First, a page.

tyler labine, tucker and dale vs evil

Wilbur’s love life is the inverse.  In the beginning of the film, Wilbur is dating the beautiful Sandra (Lenore Aubert).  The audience soon discovers that her affection is too good to be true: Sandra is working with Dracula to revive the Monster, and wants to use Wilbur in their experiment.  Later in the film, another beautiful woman, Joan (Jane Randolph), also professes love for Wilbur.  Without pausing to question her motives, Wilbur blithely tries to juggle relationships with both women, even bringing them to the same costume ball.  Joan, however, is also using Wilbur in an attempt to discover Dracula and the Monster’s whereabouts. While revisiting these films to write this piece, I imagined a young Dale watching Abbott & Costello Meet Frankenstein and internalizing that it is foolish for a fat person like himself to consider a viable relationship with someone “out of their league.”

lou costello, abbott and costello meet frankenstein

The differing dynamics between friends is also reflected in how the thin friend reacts to their fat friend’s romantic inclinations.  Chick repeatedly expresses skepticism that women like Joan and Sandra could be attracted to a guy like Wilbur, and tries to talk Wilbur into “sharing,” despite the fact that both women are disinterested in him. Tucker is occasionally frustrated that his friend chooses to woo Allison instead of help with renovations to their cabin, but ultimately he supports and encourages his friend.

Chick and Wilbur find themselves the victims of an objective threat– Dracula, Frankenstein, and the Wolfman (Lon Chaney Jr.) are all very real in their world– while Tucker and Dale are largely threatened due to subjective interpretation: the college kids see a scenario they and the audience associate with horror films and map their ghoulish expectations onto it, fueled by Chad’s prejudice against hillbillies and forceful positioning of himself as an anti-hero.  For much of Abbott & Costello Meet Frankenstein, Wilbur sees the monsters in their supernatural form and tries to convince skeptical Chick that they are real.  Lawrence Talbot (aka the Wolfman) warns Chick and Wilbur of the oncoming supernatural threat, but Wilbur is the one who sees him first in his werewolf form.  Wilbur also resists becoming part of Team Dracula, as he twice averts his gaze from a hypnotizing vampiric gaze and narrowly misses becoming part of the Monster when he is saved by Chick and Talbot.  Dale, on the other hand, tries for much of the film to be seen as benign when he is misjudged as a threat, even going so far as to sit down for a mediated discussion over tea with Chad to hash out their differences.  Eventually, though, he must conform to the college kids’ perception of him as a “psycho hillbilly” in order to save his friends and defeat Chad, who is the real source of danger to the other characters.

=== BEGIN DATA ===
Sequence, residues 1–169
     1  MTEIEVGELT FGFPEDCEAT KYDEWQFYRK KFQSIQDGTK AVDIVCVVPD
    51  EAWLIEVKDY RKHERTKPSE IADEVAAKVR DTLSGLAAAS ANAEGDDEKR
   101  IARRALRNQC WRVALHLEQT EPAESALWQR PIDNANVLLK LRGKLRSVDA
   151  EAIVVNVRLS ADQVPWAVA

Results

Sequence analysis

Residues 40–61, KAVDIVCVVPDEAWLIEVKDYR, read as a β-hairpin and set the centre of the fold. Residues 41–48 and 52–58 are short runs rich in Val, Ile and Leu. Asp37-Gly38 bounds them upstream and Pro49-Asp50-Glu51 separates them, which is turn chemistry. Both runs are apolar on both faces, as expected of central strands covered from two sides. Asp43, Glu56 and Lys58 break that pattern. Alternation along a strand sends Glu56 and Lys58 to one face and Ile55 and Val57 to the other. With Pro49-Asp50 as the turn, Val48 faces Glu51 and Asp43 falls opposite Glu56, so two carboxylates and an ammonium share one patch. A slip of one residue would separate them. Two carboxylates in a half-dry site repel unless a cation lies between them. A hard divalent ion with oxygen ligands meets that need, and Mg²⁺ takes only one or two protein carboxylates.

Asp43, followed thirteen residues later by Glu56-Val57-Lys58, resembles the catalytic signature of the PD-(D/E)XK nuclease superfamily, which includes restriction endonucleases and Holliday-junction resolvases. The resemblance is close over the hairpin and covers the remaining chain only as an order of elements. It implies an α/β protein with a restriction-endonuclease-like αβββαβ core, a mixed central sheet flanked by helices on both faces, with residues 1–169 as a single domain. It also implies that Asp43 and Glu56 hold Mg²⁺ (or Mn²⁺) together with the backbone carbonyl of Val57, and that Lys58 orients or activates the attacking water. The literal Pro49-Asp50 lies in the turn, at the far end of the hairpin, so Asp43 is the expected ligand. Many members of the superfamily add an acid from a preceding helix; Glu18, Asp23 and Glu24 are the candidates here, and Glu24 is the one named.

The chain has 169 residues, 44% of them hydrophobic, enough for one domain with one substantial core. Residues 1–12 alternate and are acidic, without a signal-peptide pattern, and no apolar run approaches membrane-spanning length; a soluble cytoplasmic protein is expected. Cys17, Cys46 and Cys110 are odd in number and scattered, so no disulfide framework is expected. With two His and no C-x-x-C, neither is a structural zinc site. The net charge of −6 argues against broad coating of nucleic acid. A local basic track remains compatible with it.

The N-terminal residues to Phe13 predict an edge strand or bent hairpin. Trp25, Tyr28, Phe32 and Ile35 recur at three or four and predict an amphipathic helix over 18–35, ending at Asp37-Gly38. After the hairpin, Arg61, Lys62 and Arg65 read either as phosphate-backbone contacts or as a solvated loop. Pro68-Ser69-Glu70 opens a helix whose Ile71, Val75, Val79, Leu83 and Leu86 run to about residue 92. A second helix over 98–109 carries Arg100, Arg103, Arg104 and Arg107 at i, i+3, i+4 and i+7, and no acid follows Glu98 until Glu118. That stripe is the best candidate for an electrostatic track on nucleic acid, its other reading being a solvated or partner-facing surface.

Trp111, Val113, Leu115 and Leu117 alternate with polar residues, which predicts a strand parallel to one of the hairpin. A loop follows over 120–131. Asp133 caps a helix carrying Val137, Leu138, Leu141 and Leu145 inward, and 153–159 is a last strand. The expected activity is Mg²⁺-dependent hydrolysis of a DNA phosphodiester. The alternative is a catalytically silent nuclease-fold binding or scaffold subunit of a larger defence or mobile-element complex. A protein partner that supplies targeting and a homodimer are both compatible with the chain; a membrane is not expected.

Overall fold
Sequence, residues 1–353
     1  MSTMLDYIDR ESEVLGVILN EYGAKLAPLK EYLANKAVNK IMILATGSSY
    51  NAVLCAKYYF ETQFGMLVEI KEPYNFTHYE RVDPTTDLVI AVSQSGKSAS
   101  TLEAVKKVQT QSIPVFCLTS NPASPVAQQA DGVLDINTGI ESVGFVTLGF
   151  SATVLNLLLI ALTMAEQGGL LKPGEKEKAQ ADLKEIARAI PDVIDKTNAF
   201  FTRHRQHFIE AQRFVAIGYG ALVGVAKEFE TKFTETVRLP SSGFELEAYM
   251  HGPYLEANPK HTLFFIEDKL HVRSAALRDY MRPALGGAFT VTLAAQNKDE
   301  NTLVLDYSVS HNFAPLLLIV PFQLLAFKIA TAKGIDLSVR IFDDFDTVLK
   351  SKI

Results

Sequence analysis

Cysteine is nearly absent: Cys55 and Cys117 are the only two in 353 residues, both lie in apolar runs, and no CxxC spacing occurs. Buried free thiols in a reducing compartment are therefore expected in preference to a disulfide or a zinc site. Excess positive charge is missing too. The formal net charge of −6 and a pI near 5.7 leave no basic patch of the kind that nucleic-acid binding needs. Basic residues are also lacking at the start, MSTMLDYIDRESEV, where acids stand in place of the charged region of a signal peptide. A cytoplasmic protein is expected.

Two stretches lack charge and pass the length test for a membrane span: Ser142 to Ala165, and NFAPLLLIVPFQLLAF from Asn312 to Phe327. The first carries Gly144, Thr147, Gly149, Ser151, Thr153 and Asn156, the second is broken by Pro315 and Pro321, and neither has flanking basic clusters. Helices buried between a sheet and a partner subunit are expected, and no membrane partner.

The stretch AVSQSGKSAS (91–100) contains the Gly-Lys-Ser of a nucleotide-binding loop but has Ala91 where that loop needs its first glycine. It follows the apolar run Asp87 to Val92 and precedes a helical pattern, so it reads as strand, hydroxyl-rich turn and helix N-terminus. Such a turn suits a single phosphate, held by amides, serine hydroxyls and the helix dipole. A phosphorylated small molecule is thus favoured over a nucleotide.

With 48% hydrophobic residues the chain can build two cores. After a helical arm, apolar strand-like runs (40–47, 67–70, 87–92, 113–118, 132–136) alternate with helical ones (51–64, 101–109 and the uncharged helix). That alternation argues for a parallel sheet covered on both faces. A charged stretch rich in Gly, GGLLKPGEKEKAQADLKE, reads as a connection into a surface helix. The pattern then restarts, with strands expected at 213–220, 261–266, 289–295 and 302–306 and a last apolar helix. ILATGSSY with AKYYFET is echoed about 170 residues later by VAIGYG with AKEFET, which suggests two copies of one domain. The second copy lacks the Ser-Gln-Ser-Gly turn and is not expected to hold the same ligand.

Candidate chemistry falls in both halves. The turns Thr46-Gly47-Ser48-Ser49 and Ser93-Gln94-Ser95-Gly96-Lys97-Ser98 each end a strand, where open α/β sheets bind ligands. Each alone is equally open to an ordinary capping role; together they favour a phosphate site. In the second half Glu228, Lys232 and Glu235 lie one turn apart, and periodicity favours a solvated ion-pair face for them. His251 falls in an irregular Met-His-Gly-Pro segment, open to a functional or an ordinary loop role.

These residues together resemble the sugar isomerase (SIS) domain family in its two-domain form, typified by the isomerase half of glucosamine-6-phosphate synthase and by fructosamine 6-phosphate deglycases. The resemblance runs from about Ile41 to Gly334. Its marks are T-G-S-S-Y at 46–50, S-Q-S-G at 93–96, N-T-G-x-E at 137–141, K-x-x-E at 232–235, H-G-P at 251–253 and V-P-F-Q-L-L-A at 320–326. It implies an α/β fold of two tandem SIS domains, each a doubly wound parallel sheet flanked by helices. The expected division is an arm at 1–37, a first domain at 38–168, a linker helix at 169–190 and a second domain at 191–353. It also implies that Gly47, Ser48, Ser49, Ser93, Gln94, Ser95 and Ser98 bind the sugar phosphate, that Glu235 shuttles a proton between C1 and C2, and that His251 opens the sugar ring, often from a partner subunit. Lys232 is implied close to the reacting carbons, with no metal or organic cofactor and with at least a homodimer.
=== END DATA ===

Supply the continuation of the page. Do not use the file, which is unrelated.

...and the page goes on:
Seen in conversation with each other, Abbott & Costello Meet Frankenstein and Tucker & Dale vs. Evil show a progression of attitudes with regards to their fat protagonists.  Wilbur is static, as foolish at the end of the movie as he is in the beginning.  His body is a marker of his personality traits, marking him as objectively unattractive and inherently less dignified than the other characters.  At the beginning of Dale’s story, he perceives himself as the audience perceives Wilbur.  However, Dale lives in a world where perception can be changed and corrected.  His body and appearance never change, but he is able to change his persona through how he presents himself and how others see him, going from diffident fat friend to “killer hillbilly” warrior to romantic hero.